0 Members and 1 Guest are viewing this topic.
Malaysian chicken curry behind McCurry2009/09/08KUALA LUMPUR, Tues: It was business as usual at Restoran McCurry in Jalan Ipoh here, after the owner finally won a legal battle against global fast food giant McDonald's over the use of the 'Mc' trademark.After spending eight years, and in his own words, "a substantial sum", A.M.S.P. Suppiah and wife Kanageswary, were relieved when met at their modest Indian eatery.Kanageswary said the word, 'McCurry', was culled from Malaysian chicken curry, one of the specialities of the restaurant that employs 18 workers.The publicity from the case has also earned the qualified accountant enquiries from abroad to franchise the McCurry name."I am very relieved now. All my prayers have been answered...now, I can look forward to the future," said Suppiah who recently went to India for a temple pilgrimage.Even while speaking to Bernama in the restaurant with newspaper clippings of the case plastered on its walls, his mobile phone kept ringing as friends and well-wishers congratulated the father of three.Suppiah, 55, was interviewed by Al-Jazeera TV, Reuters and other international news services and television channels.He started McCurry in 1999, but never thought that the day would come when he would be confronted by Mcdonald's in court.Since April, when the Court of Appeal ruled that McDonald's did not have a monopoly over the 'Mc' prefix, offers came from Pakistan, Saudi Arabia, Britain, United States and Australia to use the 'McCurry' trademark and for joint ventures."McCurry is a very strong name," said Suppiah who was educated in New Zealand where he also resided for 12 years.But it was still too early to mull the opportunity overseas because it would cost a lot of money and work, he added.Asked whether he was confident of winning the legal fight, Suppiah said he had strong grounds because McDonald's had lost two similar cases in Britain in 2001 and Singapore in 2004."There is already a precedent...our food and the restaurant set-up is totally different," he said.The McCurry versus McDonald's case was finally settled today by the country's highest court, the Federal Court, which also ordered McDonald's to pay RM10,000 as costs to McCurry.A high court had first ruled in favour of McDonald's but McCurry took the fight to the Court of Appeal which ruled it was wrong to assume that McDonald's had a monopoly on the use of the prefix 'Mc'.During the court hearings, McCurry contended that McDonald's could not claim monopoly or exclusive rights as 'Mc' was extensively used around the world as surnames, particularly by people of Scottish origin. -- BERNAMA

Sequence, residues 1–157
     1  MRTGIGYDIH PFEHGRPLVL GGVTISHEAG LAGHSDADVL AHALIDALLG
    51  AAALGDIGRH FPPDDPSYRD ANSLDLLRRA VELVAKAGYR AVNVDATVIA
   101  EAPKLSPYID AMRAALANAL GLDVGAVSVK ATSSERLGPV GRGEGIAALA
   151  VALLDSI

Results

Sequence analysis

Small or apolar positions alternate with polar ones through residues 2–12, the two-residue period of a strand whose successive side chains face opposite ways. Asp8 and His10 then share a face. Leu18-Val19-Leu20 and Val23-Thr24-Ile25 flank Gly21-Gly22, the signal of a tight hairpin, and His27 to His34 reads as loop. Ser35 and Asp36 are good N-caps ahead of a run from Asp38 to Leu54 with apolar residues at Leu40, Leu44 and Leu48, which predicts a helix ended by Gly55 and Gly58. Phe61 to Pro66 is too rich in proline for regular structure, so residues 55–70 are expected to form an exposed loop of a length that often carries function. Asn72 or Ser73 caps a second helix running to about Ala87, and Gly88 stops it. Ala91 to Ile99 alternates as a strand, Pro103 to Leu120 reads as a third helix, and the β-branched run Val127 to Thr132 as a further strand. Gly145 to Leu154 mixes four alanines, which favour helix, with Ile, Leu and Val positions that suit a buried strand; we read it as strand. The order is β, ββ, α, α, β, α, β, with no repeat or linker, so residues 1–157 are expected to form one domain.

Page created in 0.029 seconds with 25 queries.